Intention to seek crisis-related information. Intention to seek information is conceptualized as stakeholders’ intentions to proactively search for more information about a crisis through visiting an organization’s website and joining social media. This concept views the public as an active entity because their role is not merely limited to passively receiving information distributed by an organization, but rather to actively search for relevant information and engage in a dialogue via social media channels.
Public relations scholars have suggested that communication and information seeking behavior is critical for the formation and quality of relationships between organizations and their stakeholders (e.g., Broom, Casey, & Ritchey, 2000; Bruning & Ledingham, 1999; Ferguson, 1984; Grunig & Huang, 2000; Yang, 2007). In the context of an organizational crisis, public engagement in information seeking can result in increased (a) dissemination of relevant information at an early stage of a crisis and (b) support for an organizational initiative to contain the crisis. Despite its implications for improving the efficiency of communication during a crisis, intention to seek crisis-related information has not been adequately examined in previous crisis communication research.
Theoretical Framework Applying Emotions to Crisis Research
Emotion is defined as “organized cognitive-motivational-relational configurations whose status changes with changes in the person–environment relationship as this is perceived and evaluated” (Lazarus, 1991, p. 38). Emotions are viewed as internal, mental states that that vary in intensity and represent evaluative and valenced reactions to events, agents, or objects (Ortony, Clore, & Collins, 1988). Emotions are thought to be specific, focused, and grounded in consciousness, in contrast to mood which is often viewed as a diffuse background affect of uncertain cause (Dillard & Peck, 2000). Emotional responses are thought to develop immediately following the interpretation of a crisis’s causes and attributions of responsibility (Choi & Lin, 2009; Weiner, 1986).
The persuasive effects of emotions have been the focus of burgeoning interest in communication research. Numerous scholars have expressed the need for understanding how emotions influence attitudes (e.g., Breckler, 1993; Dillard, 1993; Englis, 1990). Eagly and Chaiken (1993) and Jorgensen (1998) each suggested that emotions can play an important role in 427 shaping how individuals respond to a message and the position it advocates. Some theories and studies suggest that emotions are used as heuristics in making decisions because they provide accessible information about how to behave in response to a message (e.g., Dillard & Peck, 2000; Schwarz & Clore, 1983). Functional Emotion Theory provides an explanatory framework for understanding how different emotions might affect stakeholders’ judgment of a crisis and relevant organizations.
Functional Emotion Theory. Functional Emotion Theory explains how different emotions influence the way people mobilize and allocate mental and physical resources in response to information or events (Izard, 1993). Generally, emotions operate as basic information processing systems designed to make sense of and respond to circumstances that people encounter (Lazarus, 1991). Emotions signal the brain to mobilize psychological and physiological resources (Dillard & Peck, 2000). Different emotions are associated with different “action tendencies” which predispose people to particular types of cognitions and behaviors (e.g., Arnold, 1960; Frijda, 1986; Frijda, Kuipers, & Schure, 1989; Izard, 1977; Lazarus, 1991;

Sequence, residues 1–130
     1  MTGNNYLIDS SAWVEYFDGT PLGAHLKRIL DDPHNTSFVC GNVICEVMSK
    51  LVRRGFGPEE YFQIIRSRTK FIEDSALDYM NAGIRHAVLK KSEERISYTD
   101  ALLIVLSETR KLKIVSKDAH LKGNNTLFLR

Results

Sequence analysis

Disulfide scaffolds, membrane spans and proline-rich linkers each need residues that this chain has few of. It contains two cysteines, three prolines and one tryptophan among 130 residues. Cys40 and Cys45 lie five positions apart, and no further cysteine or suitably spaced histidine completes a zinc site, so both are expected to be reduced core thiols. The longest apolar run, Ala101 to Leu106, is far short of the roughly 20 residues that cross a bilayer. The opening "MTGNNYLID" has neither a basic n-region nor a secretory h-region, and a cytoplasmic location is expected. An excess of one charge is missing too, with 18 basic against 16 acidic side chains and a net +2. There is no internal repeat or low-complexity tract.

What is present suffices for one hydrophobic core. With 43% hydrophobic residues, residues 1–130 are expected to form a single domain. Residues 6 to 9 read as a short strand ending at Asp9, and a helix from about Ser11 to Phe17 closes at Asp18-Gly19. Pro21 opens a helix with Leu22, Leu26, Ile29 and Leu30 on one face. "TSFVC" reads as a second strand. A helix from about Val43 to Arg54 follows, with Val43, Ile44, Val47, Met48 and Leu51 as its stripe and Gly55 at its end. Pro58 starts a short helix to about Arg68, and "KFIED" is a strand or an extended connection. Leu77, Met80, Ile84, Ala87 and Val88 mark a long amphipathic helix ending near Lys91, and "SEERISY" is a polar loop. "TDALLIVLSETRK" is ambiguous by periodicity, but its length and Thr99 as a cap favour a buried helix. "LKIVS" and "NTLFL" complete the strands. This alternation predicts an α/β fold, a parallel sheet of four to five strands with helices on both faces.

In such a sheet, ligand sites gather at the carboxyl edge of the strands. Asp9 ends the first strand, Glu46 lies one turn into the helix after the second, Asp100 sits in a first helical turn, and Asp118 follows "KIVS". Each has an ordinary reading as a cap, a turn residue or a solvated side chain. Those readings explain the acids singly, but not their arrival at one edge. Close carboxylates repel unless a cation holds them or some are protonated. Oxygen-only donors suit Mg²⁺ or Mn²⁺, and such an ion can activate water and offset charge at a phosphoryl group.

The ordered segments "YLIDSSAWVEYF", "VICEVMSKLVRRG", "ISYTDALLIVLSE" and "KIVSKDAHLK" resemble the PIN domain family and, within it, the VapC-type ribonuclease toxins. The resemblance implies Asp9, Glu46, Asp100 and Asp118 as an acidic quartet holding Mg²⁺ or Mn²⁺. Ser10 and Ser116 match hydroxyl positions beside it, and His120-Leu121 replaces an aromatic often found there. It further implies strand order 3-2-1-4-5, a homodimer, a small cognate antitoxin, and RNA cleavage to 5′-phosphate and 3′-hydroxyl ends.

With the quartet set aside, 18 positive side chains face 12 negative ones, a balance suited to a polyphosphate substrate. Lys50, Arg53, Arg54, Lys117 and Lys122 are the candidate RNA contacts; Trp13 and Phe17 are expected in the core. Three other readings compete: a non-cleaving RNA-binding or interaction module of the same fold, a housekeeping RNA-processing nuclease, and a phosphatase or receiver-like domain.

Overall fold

In other words, when an emotion is evoked, its associated action tendency guides how people attend to information, process it, and use it later (Nabi, 2003). Negative emotions, in particular, have been found to influence message processing and response. For instance, research has found that crime stories which place extensive blame on perpetrators and generate a feeling of anger lead to support for stronger penalties for criminal offenses (Nabi, 2003). Anger aroused by receiving harsh feedback (Weiss & Fine, 1956) or by viewing anger-arousing film clips (Lerner, Goldberg, & Tetlock, 1998) has been found to increase punitive judgments of others.
Gault and Sabini (2000) also found that anger aroused by a story about toxic waste dumping was associated with greater support for goals related to punishment compared to goals relating to systemic change or helping victims.
Combined, these studies suggest that the experience of emotions in response to a message can lead to selective processing of emotion-relevant information, and, in turn, subsequent decision-making. Since different emotions are proposed to trigger different action tendencies (Frijda et al., 1989), it is important to identify whether discrete emotions that might be associated with a crisis have dissimilar influence on crisis dynamics.
Discrete Emotions in Crises
A “crisis type” is a frame used to guide interpretations of a situation that varies by how much responsibility stakeholders ascribe to an organization (Coombs, 2004). Since attributions are thought to produce a variety of emotional responses (Weiner, 1986), it is likely that different dominant emotions would be generated depending on the type of a crisis.
Jin et al. (2007, 2008) suggested that four primary negative emotions are associated with response to a crisis: anger, sadness, fright and anxiety. For instance, in response to a corporate transgression case, Mattel’s recall of a dangerous toy, anger (49%), alertness (11.3%), surprise (9.7%), worry (9.4%), fear (7.1%), and confusion (6.5%) were identified as the dominant emotions (Choi & Lin, 2009). In response to the September 11 attacks in the United States, a different set of frequent emotions were found: sympathy, grateful, interested, love and anger 428 (Saad, 2001, Fredrickson et al., 2003). While anger is clearly negative, sympathy, grateful, interested, and love might be considered to be more positive in nature. Combined, these studies suggest that a variety of emotions may occur in response to different types of crises.
Negative emotions. Based on Functional Emotion Theory, one would predict that negative emotions experienced in a crisis would promote selective processing of available information about the crisis and guide decision making, which in turn would influence attitudes toward the issue and the organization in crisis (Dillard & Peck, 2000; Kim & Yang, 2009). Jin (2009) noted that each negative emotion would be expected to differently influence on stakeholder’s interpretation of a crisis as well as their coping process.
Investigating the influence of discrete emotions on the dynamics of SCCT, Choi and Lin (2009) found anger, surprise, fear, worry, contempt and relief to be associated with the attribution of responsibility. Other emotions including alert, confusion, disgust, shame and sympathy were not drawn from attribution process (Choi & Lin, 2009). Particularly, anger was found to be most strongly related to crisis responsibility and was a significant predictor of organizational reputation (Choi & Lin, 2009). Kim and Yang (2009) have also suggested that negative emotions mediate the relationship between crisis responsibility and organizational reputation.